24 On the designation “city lord” (bēl āli), see G. Lanfranchi, Esarhaddon, Assyria, and Media, SAAB 12, 1998 (99–109), 101 n. 7; K. Radner, An Assyrian View on the Medes, in: Continuity of Empire(?): Assyria, Persia, and Media, ed. G. Lanfranchi, M. Roaf, and R. Rollinger, HANE/M 5, Padova 2003 (37–64), 49; 49; and most recently, K. Radner, Assyria and the Medes, in: The Oxford Handbook of Ancient Iran, ed. D. T. Potts, Oxford/New York 2013 (442–56), 444.
25 A few quotes depicting similar positions on the adě's character are included here for illustrative purposes: “Both the riksu or rikiltu and adě texts are sworn documents, but while the oath plays a secondary and supplementary role in the former texts, it plays a primary and paramount role in the latter. This is what we might call a ‘loyalty’ oath in modern parlance. The interpretation which I would like to propose for the adě texts in general is that they represent sworn pacts of loyalty imposed by a sovereign party upon one or more subordinate parties” (I. J. Gelb, Review of The Vassal-Treaties of Esarhaddon by D. J. Wiseman, BiOr 19, 1962 [159–62] 162); “all ancient treaties are a kind of loyalty oath. This is their distinctive formal characteristic: the obligation is presented as depending on an oath, not on an authoritative decree or an agreement certified by witnesses” (McCarthy, Treaty and Covenant [see above note 6] 118–119); “adě bedeutet meiner Ansicht nach nicht Vasallen- oder Staatsvertrag. adě sind, genau genommen, kein Vertrag zwischen zwei Parteien, seien sie gleichrangig oder einander untergeordnet. adě sind vielmehr ein religiöser Begriff insofern, als sie eine Vereidigung bezeichnen, die vor den Göttern – begleitet von religiösen Handlungen – vorgenommen wird” (Watanabe, Die adě-Vereidigung [see above note 1] 24); “Als eigene Urkundenform dürfte daher der Treueid auch nur in ganz besonderen politischen Situationen vorkommen. Wie im folgenden darzulegen sein wird, ist eine solche Situation etwa für die Thronfolgeregelung Asarhaddons zugunsten seines Sohnes Assurbanipal (SAA 2 6) gegeben. Dabei soll unter Heranziehung bislang noch kaum beachteten, einschlägigen heth. Textmaterials insbesondere auch deutlich gemacht werden, daß diese in mehreren Ausfertigungen überlieferte Urkunde, die sowohl in der Präambel wie auch im Kolophon ausdrücklich als adě bezeichnet ist, keinen Vertrag, sondern einen Treueid darstellt” (F. Starke, Zur urkundlichen Charakterisierung neuassyrischer Treueide anhand einschlägiger hethitischer Texte des 13. Jh., ZAR 1, 1995 [70–82], 73).
26 E.g. “the people of Aššur who swore (itmû) an adě, an oath (māmīt) of the great gods, with water and oil to protect my kingship, did not come to their assistance” (UN.MEŠ KUR aš-šurki šá a-de-e ma-mit DINGIR.MEŠ GAL.MEŠ a-na na-ṣar LUGAL-ti-ia ina A.MEŠ ù Ì.GIŠ it-mu-ú ul il-li-ku re-ṣu-us-su-un, RINAP 4 001 i 50–52).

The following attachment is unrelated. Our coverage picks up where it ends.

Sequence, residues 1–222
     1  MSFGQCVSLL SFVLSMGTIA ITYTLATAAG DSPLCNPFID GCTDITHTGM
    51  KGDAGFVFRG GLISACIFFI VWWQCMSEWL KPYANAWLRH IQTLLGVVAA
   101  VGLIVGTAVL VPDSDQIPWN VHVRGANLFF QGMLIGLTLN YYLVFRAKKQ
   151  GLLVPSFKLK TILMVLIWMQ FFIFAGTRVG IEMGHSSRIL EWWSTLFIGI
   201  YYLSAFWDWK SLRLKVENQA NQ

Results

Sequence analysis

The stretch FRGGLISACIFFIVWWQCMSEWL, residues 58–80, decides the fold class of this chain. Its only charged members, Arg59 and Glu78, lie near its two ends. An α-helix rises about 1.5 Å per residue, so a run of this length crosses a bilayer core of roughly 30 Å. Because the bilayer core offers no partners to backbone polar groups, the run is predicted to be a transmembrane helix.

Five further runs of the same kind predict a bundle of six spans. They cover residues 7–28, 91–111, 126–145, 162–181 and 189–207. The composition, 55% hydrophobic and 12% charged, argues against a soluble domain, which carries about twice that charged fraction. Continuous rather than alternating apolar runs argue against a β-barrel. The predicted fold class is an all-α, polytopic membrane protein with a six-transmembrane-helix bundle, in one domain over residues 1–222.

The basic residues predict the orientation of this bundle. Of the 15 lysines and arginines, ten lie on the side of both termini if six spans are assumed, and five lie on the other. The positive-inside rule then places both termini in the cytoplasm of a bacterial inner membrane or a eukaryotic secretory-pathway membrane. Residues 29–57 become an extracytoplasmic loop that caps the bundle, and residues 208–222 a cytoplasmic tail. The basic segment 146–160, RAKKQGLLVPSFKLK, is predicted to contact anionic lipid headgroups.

27 SAA 2 4 may offer another example of such a quotation; note especially the switch from 1st person to 2nd person at line obv. 12´, see S. Parpola, Neo-Assyrian Treaties from the Royal Archives of Niniveh, JCS 39, 1987 (161–89), 173 (more questionable is SAA 2 13, referenced there as another possible example and cited as “Text 4”). In SAA 2 9, another adě in which 1st person verbs appear, the relevant passages may be better understood as “solemn statements” (on which see below) than as the quotation of an oath in light of the curses that immediately follow. In any event, the text likely betrays a “Babylonian orientation” because of its dialect, ductus, and the list of deities invoked at the end, see A. K. Grayson, Akkadian Treaties of the Seventh Century B.C., JCS 39, 1987 (127–160), 139. Due to their poor state of preservation, it is unclear whether other extant adě included the quotation of an oath.
28 DINGIR.MEŠ an-nu-te lid-gu-lu šum-ma a-ni-nu ina UGU maš-šur-PAP-AŠ MAN KUR aš-šur (EN-ni) u maš-šur-DÙ-A DUMU MAN GAL šá É UŠ-ti ŠEŠ.MEŠ-šú DUMU AMA-šú šá maš-šur-DÙ-A DUMU MAN GAL šá É UŠ-ti ù re-eh-ti DUMU.MEŠ ṣi-it lib-bi šá maš-šur-PAP-AŠ MAN KUR aš-šur EN-i-ni si-hu bar-tú né-ep-pa-áš-u-ni pi-i-ni TA* lúKÚR-šú ni-ša-kan-u-ni šum-ma mu-šam-hi-ṣu-u-tú mu-šad-bi-bu-tu li-ih-šu šá a-mat míHUL la DÙG.GA-tu la ba-ni-tu da-bab sur-ra-a-ti la ki-na-a-te šá ina UGU maš-šur-DÙ-A DUMU MAN GAL-u šá É UŠ-te ù ŠEŠ.MEŠ-šú DUMU AMA-šú šá maš-šur-DÙ-A DUMU MAN GAL šá É UŠ-ti ni-šam-mu-u-ni nu-pa-za-ru-u-ni a-na maš-šur-DÙ-A DUMU MAN GAL šá É UŠ-ti bé-li-ni la ni-qa-bu-u-ni u4-mu am-mar a-ni-nu DUMU.MEŠ-ni DUMU.DUMU.MEŠ-ni bal-ta-a-ni-ni maš-šur-DÙ-A DUMU MAN GAL šá É UŠ-ti la LUGAL-ni-ni la EN-ni-ni šum-ma LUGAL MAN-ma DUMU LUGAL MAN-ma ina UGU-ḫi-ni DUMU.MEŠ-ni DUMU.DUMU.MEŠ-ni ni-šá-kan-u-ni DINGIR.MEŠ ma-la MU-šú-nu zak-ru ina ŠUII-i-ni NUMUN-[i]-ni NUMUN.NUMUN-i-ni lu-ba-ʾi-ú (SAA 2 6 494–512)